This time last year, Australian Unions fought for, and won, JobKeeper.
This wage subsidy saved workers’ livelihoods, underwrote businesses and steadied the economy in the first year of the pandemic.
This week, the Morrison Government has taken it away, with no plans for a replacement.
At the height of the scheme, 3.6 million people—almost a third of the Australian workforce—were on JobKeeper. Last month, there were still 1.1 million people receiving JobKeeper payments. Now, Treasury estimates predict that up to 150,000 people may be unemployed in the coming weeks, and thousands of businesses may close.
“Cutting off JobKeeper while so many workers are still reliant on it is both cruel and counter-productive to our economic recovery. We need money in the hands of working people so they can spend it,” ACTU President Michele O’Neil said this week.
“This will not only hurt working people but also small businesses many of which are still struggling to recover”.
Treasurer Josh Frydenburg has cited Australia’s quick recovery from the coronavirus recession to justify ending JobKeeper. But behind headline figures showing a resurgent economy, many sectors are still struggling; and women in particular are being left behind.
Businesses in regional Queensland, most notably tourism businesses still cut off from international markets, are fearing the worst, especially with Brisbane in a three-day lockdown.
Meanwhile, one in five arts and entertainment workers were still on JobKeeper in March. The long-term recovery of the sector is on the line and, as the cancellation of the Byron Bay Bluesfest this week shows, arts events and arts workers are particularly vulnerable during Covid-19 outbreaks.
“What working people need more than ever is security and stability. JobKeeper with strict criteria ensuring it reaches only businesses genuinely in need will save jobs and should not be removed until all sectors of the economy have recovered,” O’Neil said.
We should not forget that JobKeeper was a union achievement. In March 2020, as Australia’s borders closed and states began imposing social distancing measures, analysts were predicting the sharpest economic downturn since the Great Depression. With workers let go or stood down, Centrelink queues were growing, and the spectre of mass job losses loomed over the economy.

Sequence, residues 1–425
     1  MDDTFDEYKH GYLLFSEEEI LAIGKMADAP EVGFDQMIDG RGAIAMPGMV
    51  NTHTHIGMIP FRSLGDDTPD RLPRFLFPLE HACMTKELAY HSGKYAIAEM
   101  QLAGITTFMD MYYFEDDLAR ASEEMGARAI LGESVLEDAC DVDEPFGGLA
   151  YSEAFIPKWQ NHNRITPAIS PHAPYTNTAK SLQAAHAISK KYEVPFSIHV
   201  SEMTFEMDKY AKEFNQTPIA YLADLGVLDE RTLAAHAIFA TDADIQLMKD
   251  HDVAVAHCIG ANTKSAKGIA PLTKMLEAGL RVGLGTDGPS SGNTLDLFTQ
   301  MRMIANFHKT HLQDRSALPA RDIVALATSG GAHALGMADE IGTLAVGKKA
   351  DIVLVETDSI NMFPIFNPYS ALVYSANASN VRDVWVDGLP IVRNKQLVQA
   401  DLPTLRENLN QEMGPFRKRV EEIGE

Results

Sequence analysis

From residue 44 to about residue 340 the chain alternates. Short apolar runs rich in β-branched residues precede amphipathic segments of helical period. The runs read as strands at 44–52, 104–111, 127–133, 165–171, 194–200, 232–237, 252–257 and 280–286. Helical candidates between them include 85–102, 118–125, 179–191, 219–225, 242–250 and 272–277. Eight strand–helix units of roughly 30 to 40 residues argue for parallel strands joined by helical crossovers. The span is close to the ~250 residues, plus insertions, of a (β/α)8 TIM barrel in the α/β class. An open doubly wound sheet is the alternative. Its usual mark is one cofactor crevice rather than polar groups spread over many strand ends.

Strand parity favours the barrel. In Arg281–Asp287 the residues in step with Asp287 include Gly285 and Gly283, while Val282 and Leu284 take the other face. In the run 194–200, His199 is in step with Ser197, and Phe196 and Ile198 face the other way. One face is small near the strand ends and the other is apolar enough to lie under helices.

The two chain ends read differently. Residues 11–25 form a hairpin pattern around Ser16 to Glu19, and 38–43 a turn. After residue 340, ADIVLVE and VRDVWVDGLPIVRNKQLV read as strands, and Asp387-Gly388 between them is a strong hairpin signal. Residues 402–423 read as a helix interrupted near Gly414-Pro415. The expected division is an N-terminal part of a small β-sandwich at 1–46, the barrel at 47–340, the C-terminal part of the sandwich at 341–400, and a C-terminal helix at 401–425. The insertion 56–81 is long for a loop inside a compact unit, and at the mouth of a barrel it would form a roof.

The Morrison Government reluctantly took up the idea of a wage subsidy, after a determined campaign from the union movement. From the start, it was watered down and twisted by the Government in favour of its preferred interests. Visa workers were excluded from the scheme from the start, against union demands. And while the Government changed JobKeeper rules three times to deny public universities access to the scheme, somehow, Morrison could not find it in his power to close down the loopholes that led some of Australia’s biggest businesses to funnel millions of dollars in payments into shareholder profits.
Compromised as it was, JobKeeper saved workers livelihoods and rescued businesses from near-inevitable closure. Its legacy will be protecting workers and protecting the economy in one of the world’s most notable Covid-19 success stories. And that’s a union legacy.
So what next? Union leaders are calling for a retained, targeted JobKeeper scheme, along with urging the government to raise the minimum wage by $26 a week. This week, Labor pledged a $15 billion national reconstruction fund if it wins the next Federal Election, bringing manufacturing back on-shore and investing in renewable energy, medical science and agriculture.
The Morrison Government? The best it’s come up with is JobMaker. As of last week, the much-touted hiring credit had created just 609 jobs.
Amidst its own internal rolling crises, maybe it’s time the Morrison Government looked to the union movement for ideas for Australia’s pandemic recovery. It worked with JobKeeper, after all. It can work again.